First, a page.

The timing of the “green” phase – a complete return to normalcy, including the opening of pubs and major events – would depend on the development of generalized tests for Covid-19 and systematically low levels of infections and deaths. The elderly and vulnerable would remain “protected” until a vaccine is available, perhaps up to 18 months.
Conservative MP David Davis read the Coronavirus bill a second time in the House of Commons. He joined forces with Sir Keir Starmer and city bosses to warn that the lack of a clear exit strategy could cause lasting economic damage
Labor leader Sir Starmer and his wife Victoria take part in the national “Clap our Carers” campaign to thank the work of British NHS workers and front-line medical personnel across the country as they fight the coronavirus pandemic
But to the frustration of the “hawks” led by Mr. Sunak, cabinet “doves” led by Mr. Hancock hesitate to signal the end of the lockdown while infection rates are still high.
In an article in The Mail last Sunday, former Brexit secretary Davis said it was “now essential to hold back the economy.”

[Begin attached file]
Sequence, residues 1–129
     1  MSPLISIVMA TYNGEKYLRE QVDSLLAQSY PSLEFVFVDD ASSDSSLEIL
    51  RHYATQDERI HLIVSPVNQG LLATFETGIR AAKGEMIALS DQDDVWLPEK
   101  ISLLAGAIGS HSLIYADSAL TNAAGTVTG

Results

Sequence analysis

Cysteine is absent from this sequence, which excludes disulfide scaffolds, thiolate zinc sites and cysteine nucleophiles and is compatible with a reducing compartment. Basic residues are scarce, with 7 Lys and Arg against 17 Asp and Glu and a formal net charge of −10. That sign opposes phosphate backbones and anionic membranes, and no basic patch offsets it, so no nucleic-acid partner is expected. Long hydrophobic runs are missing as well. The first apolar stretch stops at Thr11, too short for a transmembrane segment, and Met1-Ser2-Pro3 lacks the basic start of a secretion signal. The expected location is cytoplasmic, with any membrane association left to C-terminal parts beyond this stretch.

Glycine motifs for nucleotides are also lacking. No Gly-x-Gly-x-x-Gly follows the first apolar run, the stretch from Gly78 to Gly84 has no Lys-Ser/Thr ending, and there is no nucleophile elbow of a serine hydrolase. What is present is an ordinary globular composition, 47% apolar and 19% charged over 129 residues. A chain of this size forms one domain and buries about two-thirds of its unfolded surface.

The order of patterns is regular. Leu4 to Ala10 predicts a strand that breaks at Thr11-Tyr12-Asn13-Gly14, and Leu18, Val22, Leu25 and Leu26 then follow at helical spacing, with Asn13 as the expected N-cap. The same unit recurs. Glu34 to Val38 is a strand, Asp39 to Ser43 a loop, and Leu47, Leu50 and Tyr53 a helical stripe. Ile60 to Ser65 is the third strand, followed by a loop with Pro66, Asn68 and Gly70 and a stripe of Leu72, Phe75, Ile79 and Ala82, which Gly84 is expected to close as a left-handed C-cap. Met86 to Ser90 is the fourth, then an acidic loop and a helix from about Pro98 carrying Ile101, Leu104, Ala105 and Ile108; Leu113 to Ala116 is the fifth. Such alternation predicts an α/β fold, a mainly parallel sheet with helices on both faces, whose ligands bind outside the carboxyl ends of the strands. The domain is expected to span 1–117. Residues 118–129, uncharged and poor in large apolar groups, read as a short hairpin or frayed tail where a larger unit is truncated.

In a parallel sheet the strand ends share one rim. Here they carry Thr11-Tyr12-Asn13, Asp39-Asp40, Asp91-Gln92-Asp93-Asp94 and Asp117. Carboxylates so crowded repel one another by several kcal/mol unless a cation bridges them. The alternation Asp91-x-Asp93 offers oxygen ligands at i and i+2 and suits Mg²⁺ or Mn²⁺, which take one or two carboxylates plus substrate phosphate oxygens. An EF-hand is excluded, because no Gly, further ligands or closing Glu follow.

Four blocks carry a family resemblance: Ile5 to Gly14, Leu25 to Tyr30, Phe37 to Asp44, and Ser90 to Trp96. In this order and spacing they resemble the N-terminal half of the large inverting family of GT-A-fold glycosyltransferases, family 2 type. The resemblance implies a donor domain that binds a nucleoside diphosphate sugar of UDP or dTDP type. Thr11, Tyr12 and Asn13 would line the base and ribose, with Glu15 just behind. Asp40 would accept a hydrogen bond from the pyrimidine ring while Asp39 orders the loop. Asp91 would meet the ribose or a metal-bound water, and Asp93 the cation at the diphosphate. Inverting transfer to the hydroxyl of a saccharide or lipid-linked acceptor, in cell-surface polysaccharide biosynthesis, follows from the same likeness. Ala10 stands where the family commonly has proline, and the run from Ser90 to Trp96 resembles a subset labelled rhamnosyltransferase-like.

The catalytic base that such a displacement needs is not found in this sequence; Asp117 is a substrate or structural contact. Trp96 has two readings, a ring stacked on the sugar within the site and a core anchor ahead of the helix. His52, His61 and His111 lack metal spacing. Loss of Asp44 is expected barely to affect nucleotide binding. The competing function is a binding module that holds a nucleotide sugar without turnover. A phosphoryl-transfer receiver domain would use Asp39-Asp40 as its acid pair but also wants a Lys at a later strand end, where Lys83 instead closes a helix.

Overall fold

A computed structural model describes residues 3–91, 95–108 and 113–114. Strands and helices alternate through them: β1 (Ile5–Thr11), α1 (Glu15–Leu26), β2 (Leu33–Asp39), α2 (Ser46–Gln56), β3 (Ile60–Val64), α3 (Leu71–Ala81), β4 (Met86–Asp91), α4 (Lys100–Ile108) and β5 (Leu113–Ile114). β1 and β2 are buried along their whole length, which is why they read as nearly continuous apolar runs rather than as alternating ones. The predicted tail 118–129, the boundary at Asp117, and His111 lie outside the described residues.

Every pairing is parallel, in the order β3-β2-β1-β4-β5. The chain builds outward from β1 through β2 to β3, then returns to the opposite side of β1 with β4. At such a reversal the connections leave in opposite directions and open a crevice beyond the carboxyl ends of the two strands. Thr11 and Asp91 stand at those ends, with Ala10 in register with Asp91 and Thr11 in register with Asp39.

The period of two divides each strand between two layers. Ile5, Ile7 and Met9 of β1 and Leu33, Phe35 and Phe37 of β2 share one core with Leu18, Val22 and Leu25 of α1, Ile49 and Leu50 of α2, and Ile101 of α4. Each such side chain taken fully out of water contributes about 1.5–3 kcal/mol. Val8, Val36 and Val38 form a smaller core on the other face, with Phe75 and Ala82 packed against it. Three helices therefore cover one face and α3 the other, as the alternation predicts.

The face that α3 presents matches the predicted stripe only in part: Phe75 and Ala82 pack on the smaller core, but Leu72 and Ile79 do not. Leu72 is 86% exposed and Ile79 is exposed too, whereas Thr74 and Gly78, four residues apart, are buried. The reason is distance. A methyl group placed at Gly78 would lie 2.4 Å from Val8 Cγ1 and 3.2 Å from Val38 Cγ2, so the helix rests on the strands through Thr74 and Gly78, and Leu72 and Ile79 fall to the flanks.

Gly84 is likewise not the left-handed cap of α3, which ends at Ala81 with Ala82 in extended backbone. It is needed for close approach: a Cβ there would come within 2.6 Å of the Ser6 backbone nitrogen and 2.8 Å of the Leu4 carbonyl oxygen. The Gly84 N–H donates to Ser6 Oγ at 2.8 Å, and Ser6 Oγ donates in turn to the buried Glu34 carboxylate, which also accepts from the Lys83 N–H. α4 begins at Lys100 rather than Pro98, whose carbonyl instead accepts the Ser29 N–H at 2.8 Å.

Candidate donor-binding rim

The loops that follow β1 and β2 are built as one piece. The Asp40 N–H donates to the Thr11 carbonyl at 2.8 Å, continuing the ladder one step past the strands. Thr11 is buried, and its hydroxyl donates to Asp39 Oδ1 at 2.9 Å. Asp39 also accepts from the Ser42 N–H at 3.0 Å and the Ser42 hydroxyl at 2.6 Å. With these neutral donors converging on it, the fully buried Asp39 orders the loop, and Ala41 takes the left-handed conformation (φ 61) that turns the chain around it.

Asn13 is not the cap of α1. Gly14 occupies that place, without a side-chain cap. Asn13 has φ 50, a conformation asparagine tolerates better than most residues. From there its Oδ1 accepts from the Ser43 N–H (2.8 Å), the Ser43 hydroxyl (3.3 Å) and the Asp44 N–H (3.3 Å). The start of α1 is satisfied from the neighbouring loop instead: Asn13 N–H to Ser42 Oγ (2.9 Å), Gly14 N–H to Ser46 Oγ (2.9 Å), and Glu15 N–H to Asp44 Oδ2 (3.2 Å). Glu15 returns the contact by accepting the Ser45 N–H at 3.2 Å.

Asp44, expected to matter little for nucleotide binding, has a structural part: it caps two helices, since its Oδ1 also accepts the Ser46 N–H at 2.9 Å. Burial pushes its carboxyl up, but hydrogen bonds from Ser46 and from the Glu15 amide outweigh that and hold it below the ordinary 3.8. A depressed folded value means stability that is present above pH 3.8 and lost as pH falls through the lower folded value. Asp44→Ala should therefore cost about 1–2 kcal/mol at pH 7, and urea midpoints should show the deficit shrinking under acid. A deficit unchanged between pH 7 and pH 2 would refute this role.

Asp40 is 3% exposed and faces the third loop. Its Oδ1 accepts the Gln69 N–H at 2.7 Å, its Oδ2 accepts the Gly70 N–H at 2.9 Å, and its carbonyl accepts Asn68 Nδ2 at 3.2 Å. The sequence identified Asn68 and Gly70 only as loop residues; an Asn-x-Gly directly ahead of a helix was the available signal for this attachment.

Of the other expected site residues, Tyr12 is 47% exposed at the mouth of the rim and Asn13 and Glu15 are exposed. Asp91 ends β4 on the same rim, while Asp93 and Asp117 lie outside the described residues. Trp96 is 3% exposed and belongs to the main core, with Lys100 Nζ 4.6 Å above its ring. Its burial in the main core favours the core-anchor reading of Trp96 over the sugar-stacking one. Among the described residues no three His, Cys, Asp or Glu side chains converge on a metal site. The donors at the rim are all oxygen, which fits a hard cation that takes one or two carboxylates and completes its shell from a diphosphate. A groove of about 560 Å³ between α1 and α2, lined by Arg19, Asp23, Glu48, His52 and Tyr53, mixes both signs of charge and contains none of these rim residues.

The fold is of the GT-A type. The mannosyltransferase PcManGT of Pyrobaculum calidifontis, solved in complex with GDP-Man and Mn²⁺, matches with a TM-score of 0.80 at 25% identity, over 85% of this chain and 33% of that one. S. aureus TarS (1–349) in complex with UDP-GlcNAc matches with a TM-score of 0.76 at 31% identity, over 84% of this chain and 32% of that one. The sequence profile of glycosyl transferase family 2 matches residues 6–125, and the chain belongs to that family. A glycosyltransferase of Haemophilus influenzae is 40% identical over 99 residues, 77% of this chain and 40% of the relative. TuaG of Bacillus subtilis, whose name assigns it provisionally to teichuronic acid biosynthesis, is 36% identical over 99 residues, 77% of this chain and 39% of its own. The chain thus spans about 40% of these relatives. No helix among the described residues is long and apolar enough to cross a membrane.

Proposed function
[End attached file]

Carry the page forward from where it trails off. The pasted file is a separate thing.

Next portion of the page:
His remarks follow dire predictions that the UK economy could contract by up to a third if the complete foreclosure lasted three months, leading to rising unemployment and bankruptcies. Davis’ views were echoed by former Conservative leader Iain Duncan Smith, who urged ministers to stop “hanging out” with the public and to explain their plans to restart the economy and that “there is life after locking ”.
Meanwhile, Labor leader Sir Keir Starmer – also writes in this newspaper – says, “Now is not the time to lift the restrictions. But we need to be clear about what will happen next. Politicians were joined by retail bosses, including clothing brand founder Superdry Julian Dunkerton and economist Gerard Lyons, who said, “After the current three-week extension, it should there will be a gradual unlocking of the economy ”.
People shopping at the range in Plymouth. As part of the first “red” phase of the “traffic light” plan, companies such as garden centers and hairdressers could reopen, subject to strict social distancing
In other developments:
- The government has appointed its Tory counterpart Lord Deighton “Tsar Covid” to address shortages of personal protective equipment (PPE) for frontline NHS personnel; The ministers announced that 84 tonnes of kits, including 400,000 dresses, will arrive from Turkey today;